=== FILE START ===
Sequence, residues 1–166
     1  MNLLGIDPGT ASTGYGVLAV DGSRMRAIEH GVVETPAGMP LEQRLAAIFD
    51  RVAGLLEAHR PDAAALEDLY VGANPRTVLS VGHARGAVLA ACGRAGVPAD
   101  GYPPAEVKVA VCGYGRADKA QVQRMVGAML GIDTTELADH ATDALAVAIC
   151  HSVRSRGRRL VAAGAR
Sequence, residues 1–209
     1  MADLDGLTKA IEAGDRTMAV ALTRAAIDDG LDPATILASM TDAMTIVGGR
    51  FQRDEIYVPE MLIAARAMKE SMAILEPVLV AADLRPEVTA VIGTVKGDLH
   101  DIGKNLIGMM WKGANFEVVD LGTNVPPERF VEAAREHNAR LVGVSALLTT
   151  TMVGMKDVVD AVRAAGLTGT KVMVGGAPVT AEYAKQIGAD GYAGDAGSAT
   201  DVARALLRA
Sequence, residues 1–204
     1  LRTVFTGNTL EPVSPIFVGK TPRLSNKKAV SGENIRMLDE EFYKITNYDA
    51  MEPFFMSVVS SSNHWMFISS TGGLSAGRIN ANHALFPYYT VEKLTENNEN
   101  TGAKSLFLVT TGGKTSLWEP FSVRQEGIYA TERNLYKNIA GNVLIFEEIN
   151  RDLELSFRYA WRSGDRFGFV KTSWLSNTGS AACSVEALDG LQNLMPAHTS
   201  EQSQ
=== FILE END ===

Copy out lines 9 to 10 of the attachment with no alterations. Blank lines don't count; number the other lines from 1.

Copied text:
   101  DIGKNLIGMM WKGANFEVVD LGTNVPPERF VEAAREHNAR LVGVSALLTT
   151  TMVGMKDVVD AVRAAGLTGT KVMVGGAPVT AEYAKQIGAD GYAGDAGSAT